If you love animes of SHAFT, this is a must-watch. If you're a slice of life fan, this is a must-watch too. Enjoy.
If you've watched enough anime, you've surely noticed that some anime studios have their distinct in-house styles that transcend franchises or genres, and perhaps no studio does this as clearly as Shaft. Akiyuki Shinbou and his team made themselves known through critically acclaimed adaptations like the Monogatari series and original anime like Puella Magi Madoka Magica, as well as other popular anime series, through a signature visual surrealism, quick cuts, and a focus on the strange aspects of ordinary life. While 2010's Soredemo Machi wa Mawatteiru (SoreMachi) lacks the flashiness of Shaft's more successful adaptations, it provides one of the most immersive settings I've seen
in a slice of life series, as well as a likeable cast and solid comedy.
The primary setting of SoreMachi is the Seaside Maid Cafe, which is neither by the seaside nor a proper maid cafe--the waitresses wear maid outfits, but in all other respects it looks and runs like a crappy diner in the middle of a sleepy shopping district. Hotori Arashiyama, an aspiring mystery novel author in her second year of high school, works there under the employ of an old widow who she's known since childhood. Despite Hotori's scatterbrain personality, she's portrayed in a remarkably grounded context, with the obligations and struggles faced by any other teenager: dealing with annoying younger siblings, taking remedial math courses with a teacher who can't stand her (and who she also has a crush on), and befriending the owner of an antique shop. Other characters receive focus as well, sometimes in one-off chapters (like one man's search for a mysterious cookie that somehow ends with time travel). While there is no chronology and each episode is self-contained, SoreMachi succeeds in creating its own interconnected world--a shopping district where everyone knows everyone, with Hotori (as the final episode shows) being the unifying force. Like Nichijou, it manages to provide a grounded, realistic feel in its setting, dabble in stories about aliens, time travel, and the afterlife, and tackle mature themes like death and the inevitability of failure in life. Not every chapter (there are generally 2 or 3 per episode) holds up, but the great ones really work.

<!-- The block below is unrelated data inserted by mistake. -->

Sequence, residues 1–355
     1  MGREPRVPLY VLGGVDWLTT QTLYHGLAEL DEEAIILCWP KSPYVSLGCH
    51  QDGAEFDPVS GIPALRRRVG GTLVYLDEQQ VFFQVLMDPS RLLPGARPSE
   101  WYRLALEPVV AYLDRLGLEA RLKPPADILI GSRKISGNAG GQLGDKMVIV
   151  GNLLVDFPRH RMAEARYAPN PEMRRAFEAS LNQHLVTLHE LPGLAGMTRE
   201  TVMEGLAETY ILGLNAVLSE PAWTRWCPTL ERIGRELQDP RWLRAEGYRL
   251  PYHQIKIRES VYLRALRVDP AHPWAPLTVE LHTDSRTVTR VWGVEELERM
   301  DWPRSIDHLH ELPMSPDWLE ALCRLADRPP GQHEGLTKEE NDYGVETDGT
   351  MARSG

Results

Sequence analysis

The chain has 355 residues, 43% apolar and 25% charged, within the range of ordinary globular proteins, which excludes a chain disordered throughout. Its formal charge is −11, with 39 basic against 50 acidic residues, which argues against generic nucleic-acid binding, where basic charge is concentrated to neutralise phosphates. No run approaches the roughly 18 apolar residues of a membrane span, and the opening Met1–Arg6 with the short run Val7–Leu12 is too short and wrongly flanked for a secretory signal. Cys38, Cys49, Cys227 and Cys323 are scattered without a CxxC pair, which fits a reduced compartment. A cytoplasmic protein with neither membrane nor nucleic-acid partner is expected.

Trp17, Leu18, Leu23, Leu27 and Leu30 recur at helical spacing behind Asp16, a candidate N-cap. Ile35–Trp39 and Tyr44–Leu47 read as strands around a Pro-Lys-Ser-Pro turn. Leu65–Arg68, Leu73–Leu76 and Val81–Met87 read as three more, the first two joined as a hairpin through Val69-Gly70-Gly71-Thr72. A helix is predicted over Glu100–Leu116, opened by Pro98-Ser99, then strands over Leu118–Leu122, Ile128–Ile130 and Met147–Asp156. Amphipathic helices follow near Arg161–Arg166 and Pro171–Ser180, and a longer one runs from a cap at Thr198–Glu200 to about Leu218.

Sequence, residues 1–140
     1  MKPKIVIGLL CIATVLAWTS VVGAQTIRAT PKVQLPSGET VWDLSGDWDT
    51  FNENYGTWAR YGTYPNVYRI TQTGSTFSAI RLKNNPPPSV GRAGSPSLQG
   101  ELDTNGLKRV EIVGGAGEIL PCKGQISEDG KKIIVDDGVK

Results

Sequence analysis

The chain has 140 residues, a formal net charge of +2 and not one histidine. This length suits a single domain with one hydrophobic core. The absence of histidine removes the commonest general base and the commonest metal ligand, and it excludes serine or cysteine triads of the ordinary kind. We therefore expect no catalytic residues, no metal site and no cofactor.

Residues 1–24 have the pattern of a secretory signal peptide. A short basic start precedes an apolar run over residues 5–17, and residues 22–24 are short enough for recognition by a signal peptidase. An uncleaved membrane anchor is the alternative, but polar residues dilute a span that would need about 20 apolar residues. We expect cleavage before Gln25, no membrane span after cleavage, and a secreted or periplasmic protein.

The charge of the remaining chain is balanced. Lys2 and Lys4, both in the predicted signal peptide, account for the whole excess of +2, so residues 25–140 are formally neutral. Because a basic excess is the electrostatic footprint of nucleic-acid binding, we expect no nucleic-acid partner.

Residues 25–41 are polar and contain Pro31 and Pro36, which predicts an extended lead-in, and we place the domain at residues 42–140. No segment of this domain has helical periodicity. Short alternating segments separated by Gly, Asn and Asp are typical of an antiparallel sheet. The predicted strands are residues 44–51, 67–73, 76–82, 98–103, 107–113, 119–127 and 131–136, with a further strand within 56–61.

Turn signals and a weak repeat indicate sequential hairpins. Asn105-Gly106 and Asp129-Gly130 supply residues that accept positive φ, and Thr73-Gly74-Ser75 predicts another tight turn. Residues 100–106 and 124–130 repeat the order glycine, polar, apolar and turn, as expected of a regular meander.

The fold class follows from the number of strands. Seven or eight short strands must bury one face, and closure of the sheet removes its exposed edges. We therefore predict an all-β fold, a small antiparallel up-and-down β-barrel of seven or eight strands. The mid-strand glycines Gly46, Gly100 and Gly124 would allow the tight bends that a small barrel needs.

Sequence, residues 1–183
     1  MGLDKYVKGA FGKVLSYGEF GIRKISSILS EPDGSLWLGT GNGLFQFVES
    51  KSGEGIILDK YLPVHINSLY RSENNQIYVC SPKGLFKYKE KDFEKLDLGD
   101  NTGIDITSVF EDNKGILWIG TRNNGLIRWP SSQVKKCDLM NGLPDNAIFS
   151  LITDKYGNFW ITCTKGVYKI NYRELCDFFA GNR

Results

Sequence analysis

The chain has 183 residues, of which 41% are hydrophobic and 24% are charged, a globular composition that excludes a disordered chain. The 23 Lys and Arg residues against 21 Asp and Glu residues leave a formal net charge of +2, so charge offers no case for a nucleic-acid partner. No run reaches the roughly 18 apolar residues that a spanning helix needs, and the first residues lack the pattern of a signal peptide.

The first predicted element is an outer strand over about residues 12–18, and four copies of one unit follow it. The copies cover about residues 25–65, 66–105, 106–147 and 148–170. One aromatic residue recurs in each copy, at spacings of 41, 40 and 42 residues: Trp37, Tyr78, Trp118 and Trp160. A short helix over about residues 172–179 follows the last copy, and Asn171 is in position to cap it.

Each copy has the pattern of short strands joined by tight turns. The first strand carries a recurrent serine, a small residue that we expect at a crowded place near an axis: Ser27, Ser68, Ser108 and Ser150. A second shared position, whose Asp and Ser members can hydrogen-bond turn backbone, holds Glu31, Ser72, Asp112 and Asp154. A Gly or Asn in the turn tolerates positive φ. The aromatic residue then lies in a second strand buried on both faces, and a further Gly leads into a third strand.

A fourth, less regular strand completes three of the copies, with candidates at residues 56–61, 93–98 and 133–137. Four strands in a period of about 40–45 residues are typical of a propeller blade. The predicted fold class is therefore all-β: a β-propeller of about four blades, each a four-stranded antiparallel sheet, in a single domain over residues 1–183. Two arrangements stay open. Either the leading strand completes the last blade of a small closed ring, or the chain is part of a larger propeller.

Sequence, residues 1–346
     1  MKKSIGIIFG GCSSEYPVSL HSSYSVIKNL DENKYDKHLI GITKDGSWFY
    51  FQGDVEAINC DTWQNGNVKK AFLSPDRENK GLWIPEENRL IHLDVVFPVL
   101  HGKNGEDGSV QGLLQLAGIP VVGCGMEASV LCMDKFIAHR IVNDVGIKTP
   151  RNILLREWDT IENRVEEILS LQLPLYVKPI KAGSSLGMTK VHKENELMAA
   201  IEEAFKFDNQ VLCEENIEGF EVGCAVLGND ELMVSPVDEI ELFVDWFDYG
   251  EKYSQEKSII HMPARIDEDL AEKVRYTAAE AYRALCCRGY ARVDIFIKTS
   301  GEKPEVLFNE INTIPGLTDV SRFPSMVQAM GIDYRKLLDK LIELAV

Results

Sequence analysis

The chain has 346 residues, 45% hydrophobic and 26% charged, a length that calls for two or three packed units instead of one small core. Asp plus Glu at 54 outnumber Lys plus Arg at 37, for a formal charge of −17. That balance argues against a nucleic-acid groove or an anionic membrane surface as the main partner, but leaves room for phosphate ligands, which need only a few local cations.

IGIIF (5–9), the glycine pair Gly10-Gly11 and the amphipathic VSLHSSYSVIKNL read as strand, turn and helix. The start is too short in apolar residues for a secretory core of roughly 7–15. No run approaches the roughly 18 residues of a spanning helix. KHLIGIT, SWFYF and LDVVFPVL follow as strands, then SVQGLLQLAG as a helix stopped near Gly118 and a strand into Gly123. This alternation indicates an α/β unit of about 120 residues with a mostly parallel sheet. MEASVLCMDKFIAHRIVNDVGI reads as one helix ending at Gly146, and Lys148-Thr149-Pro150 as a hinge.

With generally solid animation, the unique Shinbou visual presentation, and a solid soundtrack (including a great OP and an even better ED), SoreMachi also provides the same things that Shaft is generally liked for. Yet in its quirky yet grounded feel and its masterful handling of a mundane yet beautifully human setting, it offers a relaxing and unique atmosphere that I'd recommend to anyone who enjoys slice of life anime and manga.
[x-post, with minor tweaks, from a Reddit post I made]